but the bulk of the evening was devoted
to the blues: Van Ronk's.blues are sim-.
ply amazing. He can make you feel A
single note somewhere in your spine
and then move it up, down, or both ways
at once.
In talking about the sources for most
of his blues, Van Ronk cited Josh White,
Jellyroll Morton and Leadbelly as his
greatest adolescent influences. He said
he'd first begun to play the guitar when
he was only 13 or 14 years old. "Jazz

was what I was interestedi
then...I started out learning o
ds."
Van Ronk said he learned al
late that the great bluesme
youth were accessible. "I ne
Lead(belly), he died in 1949."
However, as he became mor
his art, he began to approach
its stars. "I met Gary Dav
on...," he said, and it was fro
that Van Ronk learned "Coca
arrangement of which has
countless musicians to perf
song. Among these musiciansI
Jackson Browne, who recorde
Ronk-inspired arrangement
Running on Empty LP.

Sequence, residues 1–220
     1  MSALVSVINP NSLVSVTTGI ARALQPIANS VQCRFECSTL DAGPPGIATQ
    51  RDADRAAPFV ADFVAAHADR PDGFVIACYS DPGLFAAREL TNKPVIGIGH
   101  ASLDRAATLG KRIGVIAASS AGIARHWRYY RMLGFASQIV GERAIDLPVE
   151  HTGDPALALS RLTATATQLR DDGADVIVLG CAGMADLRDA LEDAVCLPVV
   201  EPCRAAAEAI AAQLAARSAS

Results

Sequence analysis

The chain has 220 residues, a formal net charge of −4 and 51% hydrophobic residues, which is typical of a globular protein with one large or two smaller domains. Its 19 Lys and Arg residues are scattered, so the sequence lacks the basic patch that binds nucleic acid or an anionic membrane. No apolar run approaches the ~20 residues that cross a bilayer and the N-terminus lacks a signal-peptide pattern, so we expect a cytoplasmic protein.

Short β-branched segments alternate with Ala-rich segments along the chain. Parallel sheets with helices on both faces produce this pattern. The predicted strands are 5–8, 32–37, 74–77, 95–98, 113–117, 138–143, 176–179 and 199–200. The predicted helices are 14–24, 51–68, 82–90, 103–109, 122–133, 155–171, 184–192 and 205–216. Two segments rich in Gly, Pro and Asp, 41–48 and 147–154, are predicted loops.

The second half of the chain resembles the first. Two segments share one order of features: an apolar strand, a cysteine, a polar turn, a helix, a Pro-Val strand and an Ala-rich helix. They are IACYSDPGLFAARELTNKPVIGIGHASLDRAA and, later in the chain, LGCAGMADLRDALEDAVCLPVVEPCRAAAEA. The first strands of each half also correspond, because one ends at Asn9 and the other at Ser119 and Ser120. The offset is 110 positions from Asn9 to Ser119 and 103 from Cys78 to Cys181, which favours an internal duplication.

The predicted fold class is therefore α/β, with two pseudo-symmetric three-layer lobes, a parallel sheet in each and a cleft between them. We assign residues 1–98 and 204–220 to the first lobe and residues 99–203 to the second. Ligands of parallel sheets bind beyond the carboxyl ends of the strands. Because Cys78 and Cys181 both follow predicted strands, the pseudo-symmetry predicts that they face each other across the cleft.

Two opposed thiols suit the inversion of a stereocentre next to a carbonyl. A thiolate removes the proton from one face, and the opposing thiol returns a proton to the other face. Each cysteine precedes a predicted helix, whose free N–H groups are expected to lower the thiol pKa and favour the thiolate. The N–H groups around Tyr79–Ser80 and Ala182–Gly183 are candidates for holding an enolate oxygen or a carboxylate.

One of the songs Van Ronk pe
was an original composition a
Gaslight, a Greenwich Villagef
where he had performed wi
major artists from the folk re
the early '60s. "I wrote that s
rare fit of nostalgia back about
ago," said Van Ronk. In th
"(Bob) Dylan sang Bach, (Ph
lines all scanned... and Pogo (T
ton) was buying the next r
beers."
In talking about the folk rev
Ronk said, "It was an abno
unusual time, but I didn't feel
time...I was surprised it lasted
as it did."

the blues
in back Although Van Ronk never received
ff recor- the commercial success of many of the
other "folksies," he denies em-
most too phatically that he feels at all cheated.
n of his His own recording career, although not
ver met particularly lucrative, has seen 14 or 15
records, with yet another "in the can."
e sure of As for the flaws in his performance,
some of they weren't fatal, just a trifle annoying
'is early since they interfered with such a talen-
m Davis ted performer. For one thing, he stop-